Back in 2007, I wanted to gift some money to my newborn nephew. Rather than make it a one time thing, I wanted to contribute to it over the years. I am proud to say that the small contributions and the growth of the stock market have him, and his little sister lined up with almost $2000 each. It’s one thing to write about how small contributions over this time add up, it is another thing to experience it in person.
I didn’t want to gift the money have it be blown on Transformers and bubble gum. I wanted to give them money towards and education. This meant looking into various vehicles such as UGMA & UTMA Custodial Accounts for Minors, Coverdell ESAs, and 529 Plans. I concluded that the 529 Plan was the best fit. Then it was simply a challenge to choose the right 529 plan.
Now it is 7 years later and I have children of my own. My goals are different than they were back then. The laws governing how these investment vehicles work have changed. It’s time to give them another review.
When I say the laws governing the investment vehicles, I’m really only talking about Coverdell ESAs. As I understand it some of the benefits were set to expire, but the American Taxpayer Relief Act enacted in January 2013 made them permanent.
Long story short, it seems like 529 Plans are still the most flexible and best vehicle in vast majority of cases. However, Coverdell ESAs have a couple of benefits that may prove beneficial.
In reading this Saving For College article about Coverdell ESAs it almost sounds like there’s nothing to like. If you give $2000 and a grandparent gives $1000, it triggers a tax penalty… even if you didn’t know about the grandparents gift. Many mutual fund company won’t open Coverdell ESAs (the article notes my three favorites all avoid them: Vanguard, T. Rowe Price, and Fidelity). There are no state tax deductions like some offer on 529 Plans. It seems like changing the beneficiary is more difficult with Coverdells as well.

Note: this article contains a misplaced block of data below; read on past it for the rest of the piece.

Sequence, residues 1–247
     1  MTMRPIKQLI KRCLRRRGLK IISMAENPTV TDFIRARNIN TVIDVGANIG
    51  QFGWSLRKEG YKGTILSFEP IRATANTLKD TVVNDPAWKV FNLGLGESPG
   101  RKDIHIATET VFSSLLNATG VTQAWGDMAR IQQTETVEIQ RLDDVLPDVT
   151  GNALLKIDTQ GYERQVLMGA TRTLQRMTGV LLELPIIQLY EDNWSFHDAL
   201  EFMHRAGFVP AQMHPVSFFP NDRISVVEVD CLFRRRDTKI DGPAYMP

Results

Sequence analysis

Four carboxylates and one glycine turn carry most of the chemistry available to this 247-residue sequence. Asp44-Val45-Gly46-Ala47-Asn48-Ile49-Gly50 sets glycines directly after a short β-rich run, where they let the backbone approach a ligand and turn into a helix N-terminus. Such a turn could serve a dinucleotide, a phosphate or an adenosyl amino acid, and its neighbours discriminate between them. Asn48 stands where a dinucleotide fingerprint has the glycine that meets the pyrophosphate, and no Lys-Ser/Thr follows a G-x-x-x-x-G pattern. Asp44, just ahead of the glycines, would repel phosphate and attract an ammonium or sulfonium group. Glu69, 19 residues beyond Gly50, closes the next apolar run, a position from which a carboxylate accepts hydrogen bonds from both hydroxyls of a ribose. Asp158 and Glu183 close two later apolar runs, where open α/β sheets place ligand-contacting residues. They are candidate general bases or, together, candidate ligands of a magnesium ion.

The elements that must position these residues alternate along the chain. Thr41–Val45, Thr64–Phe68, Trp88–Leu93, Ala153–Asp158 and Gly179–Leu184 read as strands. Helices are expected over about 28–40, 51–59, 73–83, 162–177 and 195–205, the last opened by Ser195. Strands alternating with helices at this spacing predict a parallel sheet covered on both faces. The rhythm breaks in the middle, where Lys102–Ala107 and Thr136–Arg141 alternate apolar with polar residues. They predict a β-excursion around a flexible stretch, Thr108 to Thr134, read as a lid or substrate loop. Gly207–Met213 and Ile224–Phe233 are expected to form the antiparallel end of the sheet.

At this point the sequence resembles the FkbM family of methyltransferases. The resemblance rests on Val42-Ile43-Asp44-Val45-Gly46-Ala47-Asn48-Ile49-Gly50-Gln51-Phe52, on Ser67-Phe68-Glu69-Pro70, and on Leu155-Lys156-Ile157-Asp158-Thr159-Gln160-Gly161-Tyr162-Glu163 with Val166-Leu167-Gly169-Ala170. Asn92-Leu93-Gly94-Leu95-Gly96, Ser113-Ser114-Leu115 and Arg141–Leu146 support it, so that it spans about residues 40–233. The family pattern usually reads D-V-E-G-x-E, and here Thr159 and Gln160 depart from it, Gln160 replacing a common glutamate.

So why would anyone choose a Coverdell? It seems there are two main benefits. The first is that you can hold “alternative” investments in there as you might a self-directed IRA. I’m still learning about self-directed IRAs, but they seem to be extreme rare and potentially dangerous investment vehicles… probably not suitable for 99.9% of investors. The second benefit is that Coverdells can be used for children in K-12, not just for college. Thus it’s a way to save some money on private school expenses.
Not many people choose private school, so at first glance it seems like Coverdell ESAs would be useful for very, very few people. However, as I look at it a little deeper, it seems like educational equipment, including computers, could be qualified expenses.
Anyone else have a Coverdell ESA? If so, how do you plan on using them?
I have a Coverdell ESA at Sharebuilder (who does offer them) just to keep gifts from my daughter’s grandparents and greatgrandparents separate from my own contributions (the latter of which feels like I’m just donating on my own behalf, for some reason).